Boise State University’s College of Education and the Lee Pesky Learning Center will continue the annual tradition of honoring inspirational K-12 teachers at Boise State’s virtual winter commencement ceremony on Dec. 19. This year marks the 10th anniversary of the Pesky Award for Inspirational Teaching.
Brenda Mckenzie, a kindergarten teacher from Valley View Elementary in Boise is one of the four recipients this year. Mckenzie was nominated by her student teacher and Boise State teacher education senior Natalie Swesey. Each recipient was surprised in their classroom by their principal and presented with a plaque. A video of the surprises will be played at Boise State’s virtual commencement ceremony December 19. Each teacher received $2,000 and their respective schools received $500.
Natalie Swesey is currently a student teacher in Brenda Mckenzie’s kindergarten classroom at Valley View Elementary and nominated Mckenzie after witnessing the outstanding support Mckenzie offers her kindergartners, especially during the Covid 19 pandemic.
“During the 1st month of online school she created ‘front yard kindergarten’ where we went to a student’s house each day and read to them, and did some type of educational game,” said Swesey. “We have 46 kindergartners and she made sure each of those students and parents’ needs were met during the first month of school when we were online.”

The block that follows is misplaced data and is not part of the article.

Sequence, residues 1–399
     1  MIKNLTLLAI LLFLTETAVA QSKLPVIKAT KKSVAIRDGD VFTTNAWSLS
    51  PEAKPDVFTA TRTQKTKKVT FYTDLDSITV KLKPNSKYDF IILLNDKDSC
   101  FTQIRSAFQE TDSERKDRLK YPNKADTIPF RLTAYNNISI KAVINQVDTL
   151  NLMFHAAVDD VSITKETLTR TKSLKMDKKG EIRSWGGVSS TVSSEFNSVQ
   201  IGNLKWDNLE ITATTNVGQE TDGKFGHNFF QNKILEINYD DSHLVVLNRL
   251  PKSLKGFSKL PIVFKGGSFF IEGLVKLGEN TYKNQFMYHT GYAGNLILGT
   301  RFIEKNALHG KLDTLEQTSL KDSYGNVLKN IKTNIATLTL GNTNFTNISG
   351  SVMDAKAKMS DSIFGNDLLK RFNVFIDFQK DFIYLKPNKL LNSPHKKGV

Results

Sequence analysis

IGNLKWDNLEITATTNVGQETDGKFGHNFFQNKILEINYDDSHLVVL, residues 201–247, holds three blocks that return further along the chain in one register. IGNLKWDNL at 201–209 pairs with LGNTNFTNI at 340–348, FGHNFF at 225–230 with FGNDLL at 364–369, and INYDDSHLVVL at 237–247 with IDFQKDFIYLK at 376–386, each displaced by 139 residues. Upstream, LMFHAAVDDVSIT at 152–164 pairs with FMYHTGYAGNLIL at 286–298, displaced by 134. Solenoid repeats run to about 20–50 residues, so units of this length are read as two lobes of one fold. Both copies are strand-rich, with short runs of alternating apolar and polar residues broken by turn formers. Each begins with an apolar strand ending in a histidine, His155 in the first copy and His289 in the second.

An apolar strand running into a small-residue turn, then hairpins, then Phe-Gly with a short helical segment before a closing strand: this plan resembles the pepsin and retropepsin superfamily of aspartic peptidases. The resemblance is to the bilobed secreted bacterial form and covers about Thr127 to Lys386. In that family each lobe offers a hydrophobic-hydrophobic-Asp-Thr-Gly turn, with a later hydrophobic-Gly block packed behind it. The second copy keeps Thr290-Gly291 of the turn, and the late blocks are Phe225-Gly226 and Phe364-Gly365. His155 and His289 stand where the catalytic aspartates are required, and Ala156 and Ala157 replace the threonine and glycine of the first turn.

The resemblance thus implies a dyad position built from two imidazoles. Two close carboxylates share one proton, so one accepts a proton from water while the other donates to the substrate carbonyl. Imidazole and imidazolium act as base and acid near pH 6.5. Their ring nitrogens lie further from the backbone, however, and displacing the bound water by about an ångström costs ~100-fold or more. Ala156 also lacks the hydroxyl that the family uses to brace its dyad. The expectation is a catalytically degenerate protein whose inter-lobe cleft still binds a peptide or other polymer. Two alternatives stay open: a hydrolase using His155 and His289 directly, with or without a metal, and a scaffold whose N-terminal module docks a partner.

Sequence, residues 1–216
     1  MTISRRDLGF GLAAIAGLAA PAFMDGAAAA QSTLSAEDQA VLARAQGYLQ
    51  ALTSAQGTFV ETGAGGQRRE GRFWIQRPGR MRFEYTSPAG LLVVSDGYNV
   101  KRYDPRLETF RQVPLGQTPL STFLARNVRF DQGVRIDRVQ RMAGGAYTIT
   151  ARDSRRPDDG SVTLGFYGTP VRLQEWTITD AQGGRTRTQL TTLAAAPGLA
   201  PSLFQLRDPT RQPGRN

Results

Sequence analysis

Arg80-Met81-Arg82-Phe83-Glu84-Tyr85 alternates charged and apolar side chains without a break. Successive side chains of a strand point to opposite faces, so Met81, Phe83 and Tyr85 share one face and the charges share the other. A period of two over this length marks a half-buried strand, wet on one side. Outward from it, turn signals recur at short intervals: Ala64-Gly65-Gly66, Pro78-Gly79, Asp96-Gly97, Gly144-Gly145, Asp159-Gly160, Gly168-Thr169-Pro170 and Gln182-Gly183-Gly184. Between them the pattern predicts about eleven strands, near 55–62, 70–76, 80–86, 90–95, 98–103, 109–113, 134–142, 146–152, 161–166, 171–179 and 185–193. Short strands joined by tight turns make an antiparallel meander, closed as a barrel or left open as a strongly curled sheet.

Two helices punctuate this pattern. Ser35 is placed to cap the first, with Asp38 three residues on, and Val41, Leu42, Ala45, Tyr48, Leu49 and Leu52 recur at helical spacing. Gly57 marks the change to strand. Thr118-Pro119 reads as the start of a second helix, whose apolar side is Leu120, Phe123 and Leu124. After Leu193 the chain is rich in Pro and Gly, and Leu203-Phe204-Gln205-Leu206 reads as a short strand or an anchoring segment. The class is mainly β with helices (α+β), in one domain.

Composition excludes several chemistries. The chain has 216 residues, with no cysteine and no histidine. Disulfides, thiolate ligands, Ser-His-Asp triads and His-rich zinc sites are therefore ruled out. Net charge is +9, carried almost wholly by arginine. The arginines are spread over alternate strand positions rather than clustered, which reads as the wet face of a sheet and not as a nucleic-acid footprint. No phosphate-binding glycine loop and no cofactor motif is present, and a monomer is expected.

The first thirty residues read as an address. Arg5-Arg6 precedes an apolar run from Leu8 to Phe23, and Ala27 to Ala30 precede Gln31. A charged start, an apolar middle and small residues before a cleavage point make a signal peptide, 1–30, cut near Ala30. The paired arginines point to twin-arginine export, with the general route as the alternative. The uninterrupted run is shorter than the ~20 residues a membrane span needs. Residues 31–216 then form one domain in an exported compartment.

Swesey has also felt personally supported by Mckenzie while being mentored as a student teacher.
“I am dyslexic and during my midterm conversation with her, we discussed how hard it was for me to do things because of my dyslexia,” said Swesey. “She told me that she was going to do some reading on ways to help me be successful. I have never had another teacher work with me on my disability and not judge me for something that I struggle with.”
Alan and Wendy Pesky founded the Lee Pesky Learning Center in 1997 in honor of their son Lee, who passed away in 1995 at age 30 from a brain tumor. As a child, Lee had to learn skills to overcome processing dysgraphia, a problem with organizing letters, numbers and works on a line or page. The nonprofit center, headquartered in Boise, serves mainly children and some adults with learning disabilities, as well as those from economically challenged homes. The center also provides educational services for Idaho teachers.